foolishness,” one Côte d’Ivoire-based cashew exporter said, asking not to be named.
Côte d’Ivoire indeed faces some daunting obstacles.
In addition to competing with
processing sectors in India and Vietnam, it must convince private sector
partners that political stability will last. It also needs major investments in
machinery and must train tens of thousands of new workers.
But its biggest challenge will be
what to do about nuts damaged in processing – what the industry calls brokens –
which typically constitute 30 to 40 percent of output.
In India, the world’s largest
cashew producer and also the biggest consumer, brokens are absorbed by the
domestic market. The same is true in Brazil, the number three processor.
Vietnam has traditionally sold much of its brokens in India and has another big
market for damaged nuts, China, next door.
Côte d’Ivoire, with only
infinitesimal domestic consumption, has none of these options, and its less
skilled workforce means that the portion of brokens is even higher there.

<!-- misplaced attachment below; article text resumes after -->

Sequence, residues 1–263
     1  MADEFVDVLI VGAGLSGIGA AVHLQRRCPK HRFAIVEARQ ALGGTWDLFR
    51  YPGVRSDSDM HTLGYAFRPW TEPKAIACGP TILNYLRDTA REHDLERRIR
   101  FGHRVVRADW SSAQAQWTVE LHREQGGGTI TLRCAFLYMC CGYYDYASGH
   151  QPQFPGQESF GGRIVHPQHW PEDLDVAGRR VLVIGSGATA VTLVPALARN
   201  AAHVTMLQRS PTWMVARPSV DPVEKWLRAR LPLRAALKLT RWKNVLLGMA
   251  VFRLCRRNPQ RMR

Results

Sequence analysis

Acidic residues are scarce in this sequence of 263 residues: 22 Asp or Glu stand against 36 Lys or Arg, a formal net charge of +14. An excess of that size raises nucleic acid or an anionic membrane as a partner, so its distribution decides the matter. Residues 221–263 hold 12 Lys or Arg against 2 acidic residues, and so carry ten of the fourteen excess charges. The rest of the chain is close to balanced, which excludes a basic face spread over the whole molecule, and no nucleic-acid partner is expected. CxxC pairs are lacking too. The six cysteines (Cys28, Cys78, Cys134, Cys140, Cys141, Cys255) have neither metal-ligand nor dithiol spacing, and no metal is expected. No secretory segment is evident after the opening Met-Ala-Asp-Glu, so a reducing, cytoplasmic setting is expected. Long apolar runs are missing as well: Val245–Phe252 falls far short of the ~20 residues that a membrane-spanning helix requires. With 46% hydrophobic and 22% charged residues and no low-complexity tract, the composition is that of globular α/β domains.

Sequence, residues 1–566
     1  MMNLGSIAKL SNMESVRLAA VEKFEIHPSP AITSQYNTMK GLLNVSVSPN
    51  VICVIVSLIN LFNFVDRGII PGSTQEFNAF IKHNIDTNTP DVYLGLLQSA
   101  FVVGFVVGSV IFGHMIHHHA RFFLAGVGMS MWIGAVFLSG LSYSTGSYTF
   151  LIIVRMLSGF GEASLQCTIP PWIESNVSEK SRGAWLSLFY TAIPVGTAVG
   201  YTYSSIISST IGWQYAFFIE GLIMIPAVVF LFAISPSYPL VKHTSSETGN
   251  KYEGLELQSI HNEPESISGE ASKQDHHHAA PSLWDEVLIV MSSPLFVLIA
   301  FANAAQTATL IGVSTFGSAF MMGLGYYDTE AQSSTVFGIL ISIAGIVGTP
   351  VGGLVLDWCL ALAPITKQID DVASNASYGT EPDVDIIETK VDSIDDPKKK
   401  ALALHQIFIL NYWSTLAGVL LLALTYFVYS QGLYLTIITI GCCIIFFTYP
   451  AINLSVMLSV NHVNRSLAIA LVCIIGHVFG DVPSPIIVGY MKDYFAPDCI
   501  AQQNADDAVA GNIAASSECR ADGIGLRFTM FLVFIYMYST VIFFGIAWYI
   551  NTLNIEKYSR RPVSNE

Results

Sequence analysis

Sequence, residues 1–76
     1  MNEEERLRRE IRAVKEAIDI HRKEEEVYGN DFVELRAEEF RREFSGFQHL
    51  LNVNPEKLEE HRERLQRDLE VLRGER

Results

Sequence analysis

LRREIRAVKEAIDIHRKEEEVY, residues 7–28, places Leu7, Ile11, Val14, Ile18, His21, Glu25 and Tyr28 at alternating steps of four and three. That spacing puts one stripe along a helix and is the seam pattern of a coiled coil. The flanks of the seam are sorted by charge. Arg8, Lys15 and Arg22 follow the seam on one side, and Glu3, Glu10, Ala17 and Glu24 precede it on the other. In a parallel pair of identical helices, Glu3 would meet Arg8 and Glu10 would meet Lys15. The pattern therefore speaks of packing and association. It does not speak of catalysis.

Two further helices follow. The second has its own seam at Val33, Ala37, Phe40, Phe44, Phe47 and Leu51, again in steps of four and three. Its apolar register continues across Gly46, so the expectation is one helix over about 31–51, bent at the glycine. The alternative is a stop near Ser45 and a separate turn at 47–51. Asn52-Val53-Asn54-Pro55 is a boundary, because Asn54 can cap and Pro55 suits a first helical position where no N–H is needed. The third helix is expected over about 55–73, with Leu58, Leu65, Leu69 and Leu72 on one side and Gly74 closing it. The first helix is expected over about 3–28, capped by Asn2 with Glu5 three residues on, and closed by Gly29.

Promoting cashew consumption in
Côte d’Ivoire and neighbouring countries is one possibility. But even
supporters of this strategy admit it will take time with no guarantee of
Côte d’Ivoire’s cashew sector may
just have come of age at the perfect time. Experts say investors, worried by
the dominance of India and Vietnam, are showing interest in diversifying supply
and Africa is a logical choice for new processing facilities.
From just 35 000 tons in 2006,
Africa processed a total of 114 600 tons of raw cashew nuts in 2012.
At the same time, manufacturers
say technological advances in processing equipment will reduce the number of
brokens to between 10 and 20 percent. Even the definition of what constitutes
an exportable nut appears to be changing.
Only last year, the difference in
the price of a pound of export quality, whole kernel cashews and large brokens
was around $2. That difference is now less than a dollar.
“If that trend persists it will
create a big change in the economics of processing,” said Fitzpatrick, who
works with the African Cashew Initiative, United Nations, European governments
and private investors to develop cashew processing in Africa.
Demand for edible nuts is
growing, but the supply of pristine nuts is not. So it appears that buyers are
willing to buy more, and pay more for, brokens.
Back in Bondoukou, Henri Kouakou
is cautiously optimistic. He’s long been at the mercy of volatile, unregulated
prices. Not far from his plantation stands a sprawling compound he started
building for his family but has never been able to finish.
“If the government could raise
the price to 400 or 450 CFA francs I would retire right now. I would be at home
with enough money to eat and feed my entire family.” (1 US dollar = 517.9300